"Feng le girl better not spaz on us," Jayne muttered as he secured the netting.

"Heard that," River's voice came in over the radio, a bit more clearly.

"Good," Jayne shot back.

"Quiet, children!" Mal growled.

"Here it comes!" Zoe yelled, and Mal looked up. Through the doors overhead, he saw something big and ungainly blocking out some of the light, and a long cable was lowering down into the bay. He waved his hands as it lowered, even though he knew it wasn't going to do any good.

"Keep her steady Wash, we've almost got it," Mal said as the cable continued dropping. He and Jayne grabbed the cargo netting and pulled the pile of boxes a little closer to the center of the bay. The cable was flipping about wildly, but Zoe jumped up on top of the pile of boxes and grabbed the winch. She immediately fixed it to the netting, securing it tight. It only took a few seconds, which was good, as they didn't have time to do anything else.

"Wash, Kaylee, we're attached!" Mal yelled, trying to keep his heart from punching out of his chest as he and Jayne clambered aboard. "Get us the hell out of here!"

The cargo bundle jerked, and started to rise. As it ascended, it began to waver about, while Wash fought to keep Serenity stable. They rose up, the bay starting to drop out beneath them, when Mal heard a mumble on the radio.

"Repeat that?" he asked.

"Minor . . . complication, sir," Wash said. Mal shut up, gritting his teeth, and then the cargo bundle swayed to one side. The cable hit the lip of the upper bay doors, and a jolt went through the line, shaking the trio. Zoe grabbed the wire, Jayne hugged the netting and let out a savage series of curses, and Mal found himself in a sudden, gut-wrenching fall, followed with having the wind blasted out of his lungs.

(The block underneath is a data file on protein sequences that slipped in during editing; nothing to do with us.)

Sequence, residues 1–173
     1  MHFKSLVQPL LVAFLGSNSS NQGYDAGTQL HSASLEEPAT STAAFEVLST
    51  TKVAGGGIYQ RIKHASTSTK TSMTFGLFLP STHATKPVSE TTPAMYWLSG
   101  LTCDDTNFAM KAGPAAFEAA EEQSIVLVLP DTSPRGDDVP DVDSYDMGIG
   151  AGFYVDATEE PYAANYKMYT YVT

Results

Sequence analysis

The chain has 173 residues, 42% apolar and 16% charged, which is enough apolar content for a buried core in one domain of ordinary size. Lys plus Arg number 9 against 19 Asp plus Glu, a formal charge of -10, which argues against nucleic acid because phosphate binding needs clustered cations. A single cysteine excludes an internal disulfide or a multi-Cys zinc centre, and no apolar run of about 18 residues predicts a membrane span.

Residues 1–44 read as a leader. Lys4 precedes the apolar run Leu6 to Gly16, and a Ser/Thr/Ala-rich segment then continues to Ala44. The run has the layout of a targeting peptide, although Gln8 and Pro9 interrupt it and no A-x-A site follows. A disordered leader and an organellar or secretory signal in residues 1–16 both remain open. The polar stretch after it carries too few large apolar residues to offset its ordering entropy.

He lay on his back on the bay's floor, looking up at the rapidly ascending bundle of cargo, and realized that he was in serious trouble.

There was a shriek over the radio - it sounded like River's voice - and Mal clambered to his feet. He heard yelling overhead, and saw that the bundle had halted about four meters off the deck. Mal leapt up, trying to catch the netting, and cursed again as his fingers fell short. Jayne was leaning over the side of the bundle, waving his free arm like a desperate idiot and yelling for him.

"Mal! Grab my hand!" he was shouting. But he wasn't low enough to reach Mal and hold on to the cargo at the same time.

Mal spun, looking around the bay for something he could use, anything that could extend is reach to-

He bolted across the bay, and then ran back almost as quickly.

"Mal!" Wash was yelling over the radio. "Impact in fifteen seconds!"

He leapt up into the air, arm swinging, and the head of the stolen sledgehammer barely hit the netting, hooking inside the straps. Mal found himself hanging from below the cargo bundle, swinging precariously.

"Go, Wash!" Zoe shouted at the top of her lungs. The bundle began to ascend, and Mal pulled himself up, grabbing the bottom of the netting. A few seconds later, wind began to blast him as he was washed in daylight, and Mal looked below.